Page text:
While his former team prepares for yet another Super Bowl appearance on Sunday, former New England Patriots star Aaron Hernandez and his lawyers are instead gearing up for their next courtroom battle.
Hernandez already is serving a life sentence for a 2013 murder, and next month he will be tried in the 2012 killings of two men in Boston. Jury selection will begin on February 13, with testimony scheduled to start on March 1.
Hernandez, 27, has pleaded not guilty to two charges of first-degree murder.
As Hernandez’s case gets underway, here’s what you need to know about his football career, his past conviction and what to expect at the trial.
From star athlete to convicted murderer
Once the pride of Bristol, Connecticut, Hernandez now spends his days in a maximum security prison 40 miles outside of Boston.
After leaving high school midway through his senior year, Hernandez played three seasons for the University of Florida before the Patriots selected him in the 2010 NFL Draft.
Playing tight end, Hernandez emerged as one of the Patriots’ bright young stars and parlayed his success into a $40 million contract extension, signed just weeks after the 2012 slayings in which he is accused.
The killing of Odin Lloyd
In April 2015, Hernandez was sentenced to life in prison without parole for the murder of his friend Odin Lloyd. Lloyd was a semi-professional football player, but his connection to Hernandez went beyond sports — Lloyd dated the sister of Hernandez’s fiancee.
During the trial, prosecutors said Hernandez orchestrated and tried to cover up the death of Lloyd, whose body was found in an industrial park just a mile from Hernandez’s home.
“They got it wrong,” Hernandez said as he was being transported from the courthouse to a state prison, according to a law enforcement source close to the case. “I didn’t do it.”
Hernandez has since appealed his conviction.
A piece of evidence during investigation
The men that Hernandez is accused of killing in 2012 — Daniel de Abreu and Safiro Furtado — did not know Lloyd, but the investigations into their deaths are connected.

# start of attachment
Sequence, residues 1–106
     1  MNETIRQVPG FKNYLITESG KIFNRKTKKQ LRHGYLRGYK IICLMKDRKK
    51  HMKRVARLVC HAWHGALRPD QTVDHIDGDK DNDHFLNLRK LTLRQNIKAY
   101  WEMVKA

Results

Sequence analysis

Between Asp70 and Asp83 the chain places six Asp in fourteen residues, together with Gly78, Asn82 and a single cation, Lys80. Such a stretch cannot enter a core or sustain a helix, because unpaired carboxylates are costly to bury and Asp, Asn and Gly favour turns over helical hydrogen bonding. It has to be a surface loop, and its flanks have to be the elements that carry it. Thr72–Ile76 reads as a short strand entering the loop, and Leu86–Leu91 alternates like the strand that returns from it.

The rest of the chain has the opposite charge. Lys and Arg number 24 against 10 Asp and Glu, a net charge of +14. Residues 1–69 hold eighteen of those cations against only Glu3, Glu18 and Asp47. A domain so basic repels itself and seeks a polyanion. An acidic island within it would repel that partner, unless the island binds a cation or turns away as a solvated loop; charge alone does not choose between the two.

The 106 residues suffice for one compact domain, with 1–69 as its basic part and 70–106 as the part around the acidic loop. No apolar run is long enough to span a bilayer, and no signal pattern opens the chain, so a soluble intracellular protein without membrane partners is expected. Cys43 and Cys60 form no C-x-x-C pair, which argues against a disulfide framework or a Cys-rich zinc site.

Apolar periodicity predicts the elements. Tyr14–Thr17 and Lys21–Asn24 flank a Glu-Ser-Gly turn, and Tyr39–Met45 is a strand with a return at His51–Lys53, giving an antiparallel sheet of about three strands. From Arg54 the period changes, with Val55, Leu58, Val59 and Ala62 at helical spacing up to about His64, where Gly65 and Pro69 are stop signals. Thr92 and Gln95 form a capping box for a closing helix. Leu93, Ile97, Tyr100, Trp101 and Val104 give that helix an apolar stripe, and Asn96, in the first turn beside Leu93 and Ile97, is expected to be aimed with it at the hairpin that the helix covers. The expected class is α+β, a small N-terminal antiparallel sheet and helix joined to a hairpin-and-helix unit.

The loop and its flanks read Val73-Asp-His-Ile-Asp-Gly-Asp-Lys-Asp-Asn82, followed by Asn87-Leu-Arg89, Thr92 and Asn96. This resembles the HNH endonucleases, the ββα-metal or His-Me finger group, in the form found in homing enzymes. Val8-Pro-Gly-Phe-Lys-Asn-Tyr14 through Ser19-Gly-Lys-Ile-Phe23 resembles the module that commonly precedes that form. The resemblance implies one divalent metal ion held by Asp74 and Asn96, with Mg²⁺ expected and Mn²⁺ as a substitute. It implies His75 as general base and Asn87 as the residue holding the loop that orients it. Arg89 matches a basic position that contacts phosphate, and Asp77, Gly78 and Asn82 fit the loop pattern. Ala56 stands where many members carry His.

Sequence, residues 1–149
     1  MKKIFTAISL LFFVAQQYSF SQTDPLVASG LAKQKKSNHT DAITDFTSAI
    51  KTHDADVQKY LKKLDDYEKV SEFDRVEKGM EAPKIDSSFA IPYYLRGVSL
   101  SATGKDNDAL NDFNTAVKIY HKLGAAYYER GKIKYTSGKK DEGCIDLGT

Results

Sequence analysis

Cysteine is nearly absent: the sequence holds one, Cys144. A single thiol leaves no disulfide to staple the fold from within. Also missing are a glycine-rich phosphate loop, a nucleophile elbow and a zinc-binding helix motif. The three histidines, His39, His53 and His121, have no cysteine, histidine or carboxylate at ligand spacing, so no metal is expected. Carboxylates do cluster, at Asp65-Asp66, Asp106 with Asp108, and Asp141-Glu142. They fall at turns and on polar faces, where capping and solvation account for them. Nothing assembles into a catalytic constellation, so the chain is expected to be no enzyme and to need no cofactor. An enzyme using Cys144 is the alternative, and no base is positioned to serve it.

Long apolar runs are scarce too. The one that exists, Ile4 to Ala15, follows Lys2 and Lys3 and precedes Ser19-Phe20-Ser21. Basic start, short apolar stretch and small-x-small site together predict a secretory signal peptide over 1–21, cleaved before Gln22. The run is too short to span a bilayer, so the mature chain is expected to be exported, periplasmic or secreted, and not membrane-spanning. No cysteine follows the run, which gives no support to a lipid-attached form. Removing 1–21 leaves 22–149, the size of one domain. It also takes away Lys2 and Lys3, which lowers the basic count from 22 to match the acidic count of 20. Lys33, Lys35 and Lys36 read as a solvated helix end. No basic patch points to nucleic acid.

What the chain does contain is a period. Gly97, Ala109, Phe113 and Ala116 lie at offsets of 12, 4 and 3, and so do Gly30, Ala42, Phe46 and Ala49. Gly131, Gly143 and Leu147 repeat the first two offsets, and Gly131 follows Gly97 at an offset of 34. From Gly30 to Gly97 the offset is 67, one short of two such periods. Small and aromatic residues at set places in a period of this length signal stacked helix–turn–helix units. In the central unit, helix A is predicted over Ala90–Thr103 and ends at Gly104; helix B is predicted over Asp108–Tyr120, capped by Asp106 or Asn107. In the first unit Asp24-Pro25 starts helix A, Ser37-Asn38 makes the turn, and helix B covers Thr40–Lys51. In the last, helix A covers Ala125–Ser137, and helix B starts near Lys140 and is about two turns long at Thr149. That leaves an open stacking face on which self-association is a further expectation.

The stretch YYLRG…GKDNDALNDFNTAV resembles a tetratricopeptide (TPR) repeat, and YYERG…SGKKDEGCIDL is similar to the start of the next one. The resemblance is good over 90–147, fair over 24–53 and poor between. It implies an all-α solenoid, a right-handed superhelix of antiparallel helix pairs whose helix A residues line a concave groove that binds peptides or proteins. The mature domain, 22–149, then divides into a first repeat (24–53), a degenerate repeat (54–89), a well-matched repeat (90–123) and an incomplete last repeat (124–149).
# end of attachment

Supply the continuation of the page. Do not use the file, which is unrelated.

While searching for evidence in Lloyd’s death, investigators discovered an SUV at Hernandez’s uncle’s house — the vehicle prosecutors say Hernandez was driving when he shot and killed de Abreu and Furtado.
Did a spilled drink lead to shootings?
Prosecutors say the victims were unknown to Hernandez and had no interaction with him before de Abreu accidentally bumped Hernandez near the dance floor at Boston’s Cure Lounge, spilling some of the football player’s drink.
This angered Hernandez, leading him to follow de Abreu, Furtado and three friends when they left the club in a car.
At a stoplight, Hernandez pulled alongside the victims’ car and opened fire, according to prosecutors.
What to expect at trial
Hernandez has enlisted Jose Baez, the lawyer who successfully defended Casey Anthony in her 2011 murder trial, as his defense attorney, and already Baez has scored some pretrial victories for the defense.
Baez successfully argued to ban prosecutors from mentioning Hernandez’s prior conviction. Also, testimony from the three survivors of the shooting who were in the car with de Abreu and Furtado will be limited, and they will not be allowed to identify Hernandez as the shooter.
However, the prosecution will be able to show jurors two of Hernandez’s tattoos featuring guns and shell casings, which they claim represent the two murders, and an admission of guilt.